Soon I had more than exhaustion and the after effects of anaesthesia to worry about. When I tried to feed him, my son had difficulty ‘latching on’. The lactation nurse identified deficient nipples. “Do they ever come out more than that?” she asked handing me a glass and rubber ‘nipple puller’ that was meant to do the trick. I said I thought they did ‘a bit’ but their response to the suction device was to emerge half-heartedly and retreat almost immediately. I tried to capitalise on their brief extension and pop my son on but inevitably they provided an insufficient mouthful. He was hungry, frustrated and screaming. I was sore, guilt-ridden and desperate. When the senior lactation nurse was sent to get us sorted she confirmed his inadequate nutrition by telling me he looked like a ’skinned rabbit’. This tactlessness aside, she did help by getting me to express milk, both as a way of ensuring my flow was maintained and to offer my baby ‘comp’ feeds should the attachment problem remain unresolved. Although we would later hire, then buy, an electric breast pump, my first experiences were with a tubular device that I needed to operate manually punishing my inadequate breasts with pulling and pushing a sliding mechanism to create a vacuum. Had its result not been so sought after I would consider its use the height of masochism.
A 'Pigeon' brand nipple puller
The attachment problem persisted and the nurses confessed to giving my son bottle feeds overnight including, on one occasion, feeding him someone else’s expressed milk. I was dismayed at this other woman’s hyper abundance and the implied insufficiency of my own supply. I was also concerned there could be health implications. I have since read that each mother’s breast milk has its unique ‘recipe’ tailored to her baby’s needs and that feeding another woman’s milk isn’t ideal.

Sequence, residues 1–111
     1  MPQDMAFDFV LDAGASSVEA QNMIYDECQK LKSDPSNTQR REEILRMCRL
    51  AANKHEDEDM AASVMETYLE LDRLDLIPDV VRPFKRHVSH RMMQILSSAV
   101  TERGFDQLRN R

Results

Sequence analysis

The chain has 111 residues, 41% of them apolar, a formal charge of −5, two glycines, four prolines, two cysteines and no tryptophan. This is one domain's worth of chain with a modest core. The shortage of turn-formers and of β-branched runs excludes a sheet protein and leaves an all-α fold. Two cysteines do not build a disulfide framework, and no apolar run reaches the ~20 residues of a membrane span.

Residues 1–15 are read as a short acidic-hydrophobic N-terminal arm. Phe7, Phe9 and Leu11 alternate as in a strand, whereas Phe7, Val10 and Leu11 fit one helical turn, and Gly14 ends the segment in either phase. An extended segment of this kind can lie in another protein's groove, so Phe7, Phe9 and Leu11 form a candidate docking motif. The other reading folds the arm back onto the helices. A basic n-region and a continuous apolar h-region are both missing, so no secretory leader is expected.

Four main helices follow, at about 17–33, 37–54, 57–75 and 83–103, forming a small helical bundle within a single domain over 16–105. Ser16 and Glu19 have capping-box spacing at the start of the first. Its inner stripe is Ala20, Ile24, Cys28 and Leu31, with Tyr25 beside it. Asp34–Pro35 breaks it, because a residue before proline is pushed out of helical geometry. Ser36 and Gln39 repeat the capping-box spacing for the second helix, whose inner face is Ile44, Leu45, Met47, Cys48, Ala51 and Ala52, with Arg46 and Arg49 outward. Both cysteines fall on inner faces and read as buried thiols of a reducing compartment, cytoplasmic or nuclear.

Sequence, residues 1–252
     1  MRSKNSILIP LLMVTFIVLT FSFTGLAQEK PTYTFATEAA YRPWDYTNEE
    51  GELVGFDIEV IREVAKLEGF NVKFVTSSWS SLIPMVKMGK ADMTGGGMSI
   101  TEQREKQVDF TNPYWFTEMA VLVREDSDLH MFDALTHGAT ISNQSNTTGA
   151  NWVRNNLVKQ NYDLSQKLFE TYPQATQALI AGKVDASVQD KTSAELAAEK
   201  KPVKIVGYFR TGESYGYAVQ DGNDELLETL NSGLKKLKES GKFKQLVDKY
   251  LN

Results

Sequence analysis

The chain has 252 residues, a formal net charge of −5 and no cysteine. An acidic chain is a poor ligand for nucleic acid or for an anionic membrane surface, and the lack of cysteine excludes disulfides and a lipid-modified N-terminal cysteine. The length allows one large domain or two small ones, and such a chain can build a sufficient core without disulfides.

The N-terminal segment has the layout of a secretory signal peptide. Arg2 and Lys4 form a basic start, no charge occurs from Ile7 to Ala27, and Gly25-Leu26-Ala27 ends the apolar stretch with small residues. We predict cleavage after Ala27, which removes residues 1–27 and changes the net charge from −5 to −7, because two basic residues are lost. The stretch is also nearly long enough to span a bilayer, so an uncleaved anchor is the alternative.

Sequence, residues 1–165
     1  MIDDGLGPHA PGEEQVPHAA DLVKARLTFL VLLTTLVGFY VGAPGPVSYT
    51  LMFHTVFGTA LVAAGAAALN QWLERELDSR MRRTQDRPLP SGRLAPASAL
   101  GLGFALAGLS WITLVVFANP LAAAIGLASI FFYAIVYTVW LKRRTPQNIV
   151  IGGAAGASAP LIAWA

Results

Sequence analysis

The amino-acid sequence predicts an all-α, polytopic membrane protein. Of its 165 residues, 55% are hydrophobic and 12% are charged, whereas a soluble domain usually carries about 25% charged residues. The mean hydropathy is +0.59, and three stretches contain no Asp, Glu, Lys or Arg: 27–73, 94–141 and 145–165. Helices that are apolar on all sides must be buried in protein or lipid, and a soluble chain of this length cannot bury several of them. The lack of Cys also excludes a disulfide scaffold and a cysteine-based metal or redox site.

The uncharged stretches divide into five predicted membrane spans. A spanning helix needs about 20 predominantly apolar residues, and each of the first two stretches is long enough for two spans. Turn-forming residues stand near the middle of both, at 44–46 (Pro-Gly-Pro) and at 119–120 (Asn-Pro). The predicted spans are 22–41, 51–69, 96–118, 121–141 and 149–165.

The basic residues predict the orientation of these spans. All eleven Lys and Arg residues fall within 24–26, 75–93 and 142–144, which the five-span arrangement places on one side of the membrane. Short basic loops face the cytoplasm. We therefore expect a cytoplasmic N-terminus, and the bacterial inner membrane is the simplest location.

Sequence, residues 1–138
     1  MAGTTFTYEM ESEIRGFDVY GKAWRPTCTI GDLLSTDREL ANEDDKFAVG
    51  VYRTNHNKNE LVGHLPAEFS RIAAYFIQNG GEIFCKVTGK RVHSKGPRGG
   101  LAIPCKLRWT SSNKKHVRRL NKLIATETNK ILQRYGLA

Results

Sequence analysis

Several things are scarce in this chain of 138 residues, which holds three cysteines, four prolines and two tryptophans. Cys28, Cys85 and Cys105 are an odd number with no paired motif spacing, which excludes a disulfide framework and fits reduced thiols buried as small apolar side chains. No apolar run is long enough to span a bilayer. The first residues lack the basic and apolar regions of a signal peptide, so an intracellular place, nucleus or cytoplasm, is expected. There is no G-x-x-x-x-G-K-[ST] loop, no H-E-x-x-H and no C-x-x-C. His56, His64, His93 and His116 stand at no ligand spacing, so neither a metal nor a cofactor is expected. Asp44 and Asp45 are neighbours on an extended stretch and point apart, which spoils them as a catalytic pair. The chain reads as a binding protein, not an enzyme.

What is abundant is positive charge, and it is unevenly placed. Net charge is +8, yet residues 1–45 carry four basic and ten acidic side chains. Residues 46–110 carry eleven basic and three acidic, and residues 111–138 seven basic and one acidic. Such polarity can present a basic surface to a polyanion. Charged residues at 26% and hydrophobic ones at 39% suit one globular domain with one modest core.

My nipples were becoming sore from the poor attachment. My son was restless and hungry and barely maintaining his birthweight. I was exhausted from prolonged sessions of attempted feeding followed by expressing. My whole life revolved around lactation. Things reached their nadir on King George V’s rooftop on New Year’s Eve, fireworks in the background. I was sitting with my husband and mother when a nurse came rushing out telling me grumpily that my two day old son was in the nursery crying with hunger as if I were somehow indifferent to him and just partying. I felt absolutely lousy and powerless and began to sob. I probably made another futile attempt to feed him. I probably expressed milk for half an hour afterwards. I am fairly sure they gave him a bottle of my or some other mother’s milk. It is a blurry and distressing memory.
Then, the next day, a breakthrough! A lactation ‘team’ member I hadn’t seen before suggested I try nipple shields. The device I was shown was a nasty nicotine brown coloured protrusion, about the consistency of dried chewing gum, on a glass base. I needed to hold it over my nipple creating a ‘teat’ extension for my baby to suck on. I tried it with some success but for my son it was hardly akin to sucking on a real nipple and I felt like an exhibit in a 19thC museum of maternal grotesqueries! I was advised that a more aesthetic and flexible alternative style was available at chemists and my spouse went on a quest to find some.